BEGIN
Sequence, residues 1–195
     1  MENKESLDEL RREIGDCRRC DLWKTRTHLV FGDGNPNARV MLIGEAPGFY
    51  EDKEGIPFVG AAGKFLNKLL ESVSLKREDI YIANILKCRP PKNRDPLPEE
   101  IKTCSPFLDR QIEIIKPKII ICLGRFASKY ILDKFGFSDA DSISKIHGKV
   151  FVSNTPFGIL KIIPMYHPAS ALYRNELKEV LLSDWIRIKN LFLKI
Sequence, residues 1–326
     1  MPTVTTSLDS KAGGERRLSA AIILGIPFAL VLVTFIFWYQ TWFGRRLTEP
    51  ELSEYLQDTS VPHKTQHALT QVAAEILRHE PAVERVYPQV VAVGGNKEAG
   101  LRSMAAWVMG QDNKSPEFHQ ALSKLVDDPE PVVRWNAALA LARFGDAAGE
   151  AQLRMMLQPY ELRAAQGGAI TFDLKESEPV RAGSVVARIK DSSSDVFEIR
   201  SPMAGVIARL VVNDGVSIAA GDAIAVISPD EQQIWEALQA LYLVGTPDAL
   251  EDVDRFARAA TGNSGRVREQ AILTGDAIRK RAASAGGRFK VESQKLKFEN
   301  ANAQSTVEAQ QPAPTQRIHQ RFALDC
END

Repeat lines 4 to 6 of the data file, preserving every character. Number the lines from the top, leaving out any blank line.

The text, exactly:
   101  IKTCSPFLDR QIEIIKPKII ICLGRFASKY ILDKFGFSDA DSISKIHGKV
   151  FVSNTPFGIL KIIPMYHPAS ALYRNELKEV LLSDWIRIKN LFLKI
Sequence, residues 1–326